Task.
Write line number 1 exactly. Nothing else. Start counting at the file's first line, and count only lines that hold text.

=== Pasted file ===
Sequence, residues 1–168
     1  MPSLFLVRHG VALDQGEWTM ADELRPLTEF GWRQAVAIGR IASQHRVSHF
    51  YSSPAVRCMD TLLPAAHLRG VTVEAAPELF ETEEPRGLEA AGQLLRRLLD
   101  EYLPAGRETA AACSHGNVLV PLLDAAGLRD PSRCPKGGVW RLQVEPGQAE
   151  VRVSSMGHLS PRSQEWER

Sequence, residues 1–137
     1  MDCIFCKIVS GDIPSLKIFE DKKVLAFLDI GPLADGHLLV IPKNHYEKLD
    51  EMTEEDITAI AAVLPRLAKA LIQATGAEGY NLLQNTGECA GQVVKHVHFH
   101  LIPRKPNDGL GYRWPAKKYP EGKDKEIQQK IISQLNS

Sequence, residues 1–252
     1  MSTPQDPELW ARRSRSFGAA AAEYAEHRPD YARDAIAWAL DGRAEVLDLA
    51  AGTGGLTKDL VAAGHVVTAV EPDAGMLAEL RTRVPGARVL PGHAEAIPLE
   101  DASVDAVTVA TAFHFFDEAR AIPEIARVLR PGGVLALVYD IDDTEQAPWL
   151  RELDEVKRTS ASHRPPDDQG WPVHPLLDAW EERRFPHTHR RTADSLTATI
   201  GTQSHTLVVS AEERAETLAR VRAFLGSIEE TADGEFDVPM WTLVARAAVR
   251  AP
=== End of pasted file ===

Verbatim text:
Sequence, residues 1–168